So where do the midterm elections come into this issue? Given that the Senate has struggled under Democratic control to provide the President with fast track authority (along with the House Republicans), it appears far less likely that such authority will be provided if the Senate shifts in favor of the Republican Party.

For example, the Senate Finance Chairman, Ron Wyden (D-OR) has been reluctant to extend conventional fast track authority to the White House (noting a lack of input and access from Congress), but has signaled he may agree to something similar with safeguards, which he terms “smart track”. The ranking member of the committee, Orrin Hatch (R-UT), has given little indication he would support either fast track or Wyden’s “smart track” if he gains the gavel with a Republican flip (although historically Senator Hatch has supported U.S. FTAs).

Earlier opposition to extend fast track authority appeared in 1994, when Republican opposition in the House against President Clinton’s desire to extend the authority halted fast track until 2002 (with a Republican Congress and President extending the authority that year).

Given that experience, it would seem that a united Republican Congress is unlikely to provide further authority to a Democratic President in trade negotiations, especially on a lower-priority issue for most Americans that is without a natural constituency or major Congressional backers (in contrast to a similar internationally focused issue with an Executive/Legislative branch power divide like defense).

Other considerations increase the possibility of fast track authority, though it is doubtful that they would be particularly compelling in shifting Republican opposition. For example, the Republican Party may determine that, in order to become more viable in the 2016 Presidential and Congressional elections, the party would have to provide concrete examples of legislative accomplishments to illustrate what a unified Republican White House and Congress could do.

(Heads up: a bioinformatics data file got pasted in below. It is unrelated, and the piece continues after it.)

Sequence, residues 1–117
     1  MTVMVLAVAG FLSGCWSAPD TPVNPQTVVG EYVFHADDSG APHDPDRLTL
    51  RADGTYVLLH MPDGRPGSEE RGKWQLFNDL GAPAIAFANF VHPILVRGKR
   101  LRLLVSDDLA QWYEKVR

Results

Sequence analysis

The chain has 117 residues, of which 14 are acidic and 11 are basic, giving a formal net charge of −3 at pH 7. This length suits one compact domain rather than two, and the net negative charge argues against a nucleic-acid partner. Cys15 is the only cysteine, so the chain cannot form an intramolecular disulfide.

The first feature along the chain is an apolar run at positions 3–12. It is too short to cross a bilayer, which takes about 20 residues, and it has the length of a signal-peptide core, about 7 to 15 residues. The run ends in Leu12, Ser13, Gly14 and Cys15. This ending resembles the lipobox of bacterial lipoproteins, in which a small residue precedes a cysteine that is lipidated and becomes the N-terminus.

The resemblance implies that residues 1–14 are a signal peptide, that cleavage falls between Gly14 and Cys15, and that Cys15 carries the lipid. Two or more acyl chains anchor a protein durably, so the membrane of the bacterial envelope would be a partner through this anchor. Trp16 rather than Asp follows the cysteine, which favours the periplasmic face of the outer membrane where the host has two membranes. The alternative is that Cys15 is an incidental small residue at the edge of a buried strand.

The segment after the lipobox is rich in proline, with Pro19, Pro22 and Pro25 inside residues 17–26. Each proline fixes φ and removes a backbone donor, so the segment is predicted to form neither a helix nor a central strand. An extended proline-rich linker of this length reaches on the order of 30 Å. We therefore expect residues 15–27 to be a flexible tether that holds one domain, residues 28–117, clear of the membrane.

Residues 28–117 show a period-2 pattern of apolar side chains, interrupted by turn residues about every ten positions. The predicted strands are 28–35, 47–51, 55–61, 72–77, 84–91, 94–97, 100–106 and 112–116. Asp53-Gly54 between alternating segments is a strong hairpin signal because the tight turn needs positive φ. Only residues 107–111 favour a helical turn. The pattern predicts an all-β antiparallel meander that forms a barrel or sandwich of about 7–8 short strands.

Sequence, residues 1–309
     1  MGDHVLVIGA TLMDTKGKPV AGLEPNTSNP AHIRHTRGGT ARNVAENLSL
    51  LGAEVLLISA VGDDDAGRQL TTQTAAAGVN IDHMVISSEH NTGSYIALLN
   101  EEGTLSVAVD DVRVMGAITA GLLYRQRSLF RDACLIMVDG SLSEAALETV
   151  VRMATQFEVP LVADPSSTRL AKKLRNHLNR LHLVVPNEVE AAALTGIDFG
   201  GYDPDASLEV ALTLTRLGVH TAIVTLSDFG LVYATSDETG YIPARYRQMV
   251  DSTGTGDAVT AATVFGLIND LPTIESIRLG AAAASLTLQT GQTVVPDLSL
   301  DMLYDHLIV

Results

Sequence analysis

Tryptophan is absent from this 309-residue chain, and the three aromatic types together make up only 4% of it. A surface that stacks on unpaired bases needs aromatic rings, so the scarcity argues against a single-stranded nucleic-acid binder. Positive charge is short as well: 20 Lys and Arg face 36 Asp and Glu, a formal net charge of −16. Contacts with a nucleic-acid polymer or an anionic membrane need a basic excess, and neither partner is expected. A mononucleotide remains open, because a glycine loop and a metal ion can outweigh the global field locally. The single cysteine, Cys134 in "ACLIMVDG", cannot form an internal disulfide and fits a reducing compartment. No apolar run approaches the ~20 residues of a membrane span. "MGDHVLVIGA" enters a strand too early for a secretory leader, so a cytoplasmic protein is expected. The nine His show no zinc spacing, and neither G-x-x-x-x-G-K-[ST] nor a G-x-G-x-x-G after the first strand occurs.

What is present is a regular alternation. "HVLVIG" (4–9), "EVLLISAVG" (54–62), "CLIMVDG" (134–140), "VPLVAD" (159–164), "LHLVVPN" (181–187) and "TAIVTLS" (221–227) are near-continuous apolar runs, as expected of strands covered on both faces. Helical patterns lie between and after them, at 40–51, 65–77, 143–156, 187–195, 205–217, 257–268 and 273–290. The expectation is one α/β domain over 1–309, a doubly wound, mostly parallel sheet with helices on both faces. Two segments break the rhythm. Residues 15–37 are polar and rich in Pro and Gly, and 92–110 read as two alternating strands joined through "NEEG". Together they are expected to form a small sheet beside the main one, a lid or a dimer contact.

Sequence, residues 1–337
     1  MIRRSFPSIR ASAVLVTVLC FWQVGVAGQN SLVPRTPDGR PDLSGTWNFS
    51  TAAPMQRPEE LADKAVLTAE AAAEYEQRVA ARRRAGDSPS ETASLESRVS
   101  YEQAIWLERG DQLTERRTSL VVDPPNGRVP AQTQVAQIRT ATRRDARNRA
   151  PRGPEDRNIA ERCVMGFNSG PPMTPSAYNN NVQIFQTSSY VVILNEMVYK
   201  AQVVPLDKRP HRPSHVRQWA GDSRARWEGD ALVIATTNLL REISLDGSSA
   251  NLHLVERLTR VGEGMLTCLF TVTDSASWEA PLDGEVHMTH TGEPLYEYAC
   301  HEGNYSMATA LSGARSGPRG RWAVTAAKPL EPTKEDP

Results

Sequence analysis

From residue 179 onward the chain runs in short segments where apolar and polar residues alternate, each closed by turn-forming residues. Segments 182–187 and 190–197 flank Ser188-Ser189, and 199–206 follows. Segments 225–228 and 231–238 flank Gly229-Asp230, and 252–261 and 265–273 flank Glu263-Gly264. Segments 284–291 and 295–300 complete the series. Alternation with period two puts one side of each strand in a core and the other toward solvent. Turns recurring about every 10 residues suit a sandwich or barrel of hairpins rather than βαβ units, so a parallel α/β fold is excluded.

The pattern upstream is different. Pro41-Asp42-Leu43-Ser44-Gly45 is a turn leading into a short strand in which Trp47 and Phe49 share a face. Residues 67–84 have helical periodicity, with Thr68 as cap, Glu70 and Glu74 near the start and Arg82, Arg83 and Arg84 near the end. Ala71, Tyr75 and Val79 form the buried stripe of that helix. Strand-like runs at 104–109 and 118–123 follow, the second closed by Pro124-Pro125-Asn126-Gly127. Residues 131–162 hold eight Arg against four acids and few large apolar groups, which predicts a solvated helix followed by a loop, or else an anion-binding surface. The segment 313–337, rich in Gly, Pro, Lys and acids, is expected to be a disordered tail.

The prospect of damaged relations with major U.S. allies involved in negotiations – such as the EU, Canada, Japan, Australia and New Zealand – could spur Congressional action to grant fast track authority. However, given the Republican Party’s historical reluctance to provide a Democratic President with major legislative victories (especially ones related to international affairs), as well as the possibility that such an agreement could illuminate the potential of a Democratic President in 2016, chances appear higher that a Republican Senate would be disinclined to provide fast track authority at this time.

Ultimately, a Republican Senate could drag out negotiations between the United States and EU, and between the United States and Pacific Rim countries, for at least the next 2 years. In addition to bogging down negotiations, possible political shifts in TPP countries in the interim could make successful agreement less likely over time (especially in New Zealand, Malaysia, and Japan).

In the European Union, the pro-TTIP European Commission under Juncker makes this likely, although shifting political or economic realities could reduce the political will and increase domestic opposition to the agreement. Overall, the 2014 midterm Congressional elections could significantly reduce the likelihood of ratifying the two largest free trade agreements in history.

Categories: North America, Politics

About Author

Brian Daigle

Brian is an energy and Latin America researcher at a political consulting firm in Washington, D.C. He is a London School of Economics (LSE) graduate in political science and political economy, where he focused on trade and transatlantic relations. Brian received his dual BA in political science and history at the University of California-San Diego.